Post script from Newport, Rhode Island, USA – Navy War College & Ukrainian Student

The U.S. Naval War College* in Newport, Rhode Island, was established1884. The college brings 100 to 150 foreign officers to the U.S. from around the world annually, including military officers from Ukraine.

The Naval War College International Military Student Office (IMSO) manages the NWC sponsor program, which Merrilee Zellner, author of this blog, participates in regularly. One of the main purposes of the volunteer sponsor program is to “….provide a level of exposure to American life and culture that complements the official academic and social program for the course.”**

This program enriches both the lives of the sponsors, through interaction with special people from around the world who are serving their country, and the students they sponsor.

CDR Burdov Mykola from Ukraine and his sponsor Merrilee Zellner, at the Naval Staff College International Cuisine Night, November 1, 2019.

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* http://www.usnwc.edu

** http://www.usnwc.edu/Faculty-and-Departments/Academic-Departments/International-Programs-Department

Saying goodbye to Odessa, Ukraine

Following are a few photos in memory of my experience in Odessa, the former Soviet city on the Black Sea which is packed with Jewish history, and now holds a special place in contemporary Ukraine.

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Arcadia, Odessa, a Black Sea Resort

Arcadia is a popular resort area a few kilometers south of Odessa along the Black Sea where luxury buildings coexist with old Russian aristocracy houses and Soviet-era sanatoriums. The majority of Odessa’s beaches are at the foot of steep cliffs and slopes. In Arcadia, the wildly popular Arcadia Beach can be accessed via natural, gentle slopes.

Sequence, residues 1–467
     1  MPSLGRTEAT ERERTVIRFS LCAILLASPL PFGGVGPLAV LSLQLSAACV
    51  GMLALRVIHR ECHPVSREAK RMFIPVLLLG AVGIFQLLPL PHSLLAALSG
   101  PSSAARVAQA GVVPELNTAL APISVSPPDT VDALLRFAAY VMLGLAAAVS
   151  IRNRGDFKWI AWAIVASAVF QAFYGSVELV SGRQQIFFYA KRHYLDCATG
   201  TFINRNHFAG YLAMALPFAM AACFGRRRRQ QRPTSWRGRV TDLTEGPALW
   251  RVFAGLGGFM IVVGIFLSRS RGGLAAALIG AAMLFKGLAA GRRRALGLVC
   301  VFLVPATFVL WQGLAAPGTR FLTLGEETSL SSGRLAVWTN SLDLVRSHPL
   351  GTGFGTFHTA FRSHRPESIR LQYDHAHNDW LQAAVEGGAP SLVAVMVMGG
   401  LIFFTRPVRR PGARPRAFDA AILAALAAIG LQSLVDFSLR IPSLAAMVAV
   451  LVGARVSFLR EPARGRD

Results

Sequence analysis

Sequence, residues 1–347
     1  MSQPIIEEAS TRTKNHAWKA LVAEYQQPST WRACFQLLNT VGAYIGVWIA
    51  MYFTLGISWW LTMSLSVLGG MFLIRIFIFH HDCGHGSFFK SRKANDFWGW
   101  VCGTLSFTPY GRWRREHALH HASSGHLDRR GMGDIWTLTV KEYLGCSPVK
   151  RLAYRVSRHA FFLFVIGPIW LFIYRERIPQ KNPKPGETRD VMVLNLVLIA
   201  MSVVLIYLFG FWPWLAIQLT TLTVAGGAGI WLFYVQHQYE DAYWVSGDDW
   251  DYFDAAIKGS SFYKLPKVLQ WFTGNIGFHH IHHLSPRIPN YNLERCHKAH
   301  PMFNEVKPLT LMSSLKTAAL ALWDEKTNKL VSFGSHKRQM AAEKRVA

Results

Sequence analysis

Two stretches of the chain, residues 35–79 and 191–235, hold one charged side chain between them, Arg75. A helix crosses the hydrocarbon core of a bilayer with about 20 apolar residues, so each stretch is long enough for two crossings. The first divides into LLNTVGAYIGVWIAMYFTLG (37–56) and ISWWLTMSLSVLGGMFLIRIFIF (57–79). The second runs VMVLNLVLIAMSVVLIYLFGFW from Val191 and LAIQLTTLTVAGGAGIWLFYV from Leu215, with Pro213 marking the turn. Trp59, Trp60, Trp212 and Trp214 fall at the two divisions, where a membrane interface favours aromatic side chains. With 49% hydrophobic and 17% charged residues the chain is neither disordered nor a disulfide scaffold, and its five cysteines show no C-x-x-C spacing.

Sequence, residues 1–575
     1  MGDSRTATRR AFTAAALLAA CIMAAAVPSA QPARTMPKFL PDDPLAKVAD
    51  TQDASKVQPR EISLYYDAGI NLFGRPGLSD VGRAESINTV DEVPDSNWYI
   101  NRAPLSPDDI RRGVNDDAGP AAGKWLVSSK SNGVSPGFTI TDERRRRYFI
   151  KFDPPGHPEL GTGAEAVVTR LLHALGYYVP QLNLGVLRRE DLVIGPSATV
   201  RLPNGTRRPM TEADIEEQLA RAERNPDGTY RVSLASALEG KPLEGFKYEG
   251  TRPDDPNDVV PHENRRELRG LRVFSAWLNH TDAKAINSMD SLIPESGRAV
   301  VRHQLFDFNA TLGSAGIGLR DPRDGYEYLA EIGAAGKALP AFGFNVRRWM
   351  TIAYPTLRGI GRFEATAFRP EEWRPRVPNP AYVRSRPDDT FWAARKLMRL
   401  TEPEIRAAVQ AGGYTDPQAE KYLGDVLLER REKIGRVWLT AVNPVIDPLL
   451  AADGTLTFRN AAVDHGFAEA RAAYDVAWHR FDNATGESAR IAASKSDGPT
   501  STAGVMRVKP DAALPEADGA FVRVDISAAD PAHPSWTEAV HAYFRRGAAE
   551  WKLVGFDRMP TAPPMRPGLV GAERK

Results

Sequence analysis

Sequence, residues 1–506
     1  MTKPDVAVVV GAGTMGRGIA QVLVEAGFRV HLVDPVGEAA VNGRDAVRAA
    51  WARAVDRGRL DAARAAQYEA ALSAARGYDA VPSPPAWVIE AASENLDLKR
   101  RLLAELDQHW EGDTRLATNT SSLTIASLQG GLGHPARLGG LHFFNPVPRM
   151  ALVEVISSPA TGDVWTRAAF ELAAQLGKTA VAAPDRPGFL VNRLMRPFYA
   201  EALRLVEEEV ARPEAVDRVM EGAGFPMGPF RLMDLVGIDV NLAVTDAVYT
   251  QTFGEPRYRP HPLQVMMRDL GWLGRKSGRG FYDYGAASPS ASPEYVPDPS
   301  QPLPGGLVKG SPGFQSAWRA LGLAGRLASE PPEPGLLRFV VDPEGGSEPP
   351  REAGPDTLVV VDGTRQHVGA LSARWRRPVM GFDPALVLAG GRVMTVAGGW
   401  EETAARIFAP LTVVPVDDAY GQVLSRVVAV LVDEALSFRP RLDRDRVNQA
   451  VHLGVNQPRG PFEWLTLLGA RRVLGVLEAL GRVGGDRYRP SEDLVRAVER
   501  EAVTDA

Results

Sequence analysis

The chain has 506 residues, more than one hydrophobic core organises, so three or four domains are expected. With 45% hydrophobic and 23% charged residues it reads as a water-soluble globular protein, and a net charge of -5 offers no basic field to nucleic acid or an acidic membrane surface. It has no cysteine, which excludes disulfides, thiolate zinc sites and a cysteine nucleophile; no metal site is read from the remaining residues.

Soviet sanatoriums, halfway between a spa and a clinic, were state-run institutions that provided workers with constructive rest. Hundreds of sanatoriums are still found scattered throughout Russia and the post-Soviet states.

There are two popular ways to reach Arcadia from Odessa. One is the pedestrian six-kilometer Route of Health that runs along the shore. The other is by trolley. I boarded the trolley near Odessa’s main train station for the 20 minute ride.

Mid-rise and high-rise hotels and apartment complexes, interspersed with construction cranes, dominated the Arcadia skyline. It was in sharp contrast to the low-rise, historic buildings of Odessa’s Old Town a few miles away.

I alighted at the end of the trolley line which was at the entrance to a wide promenade lined with cafes, bars, shops and modern apartment buildings. A few people were strolling on a long pier that extended from the end of the promenade. Construction workers were busily working on decks of restaurants, bars and clubs that lined the waterfront. Arcadia Beach, which was wind-swept and empty, stretched out on both sides of the pier.

I strolled the boardwalk. All the photos I had seen over the years of this famous Russian Black Sea resort with wall-to-wall people sunning themselves on the narrow stretch of sandy beach, suddenly seemed unreal. Off season certainly did paint a different, inviting picture.

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Odessa City Garden

Odessa’s picturesque, leafy, City Garden is one of the best places in town to observe, and be part of, the city’s diverse life pulse.

It was donated to the city in 1806, and is located in Old Town at one end of historic, pedestrian vul Derybasivska.

Statues abound throughout the park such as the bronzy lion, the delightful dancing people, and the seated bronze sculpture of Leonid Utesov.  Utesov was a famous Soviet jazz singer and actor of Jewish origin and was awarded the prestigious title of People’s Artist of the USSR in 1965.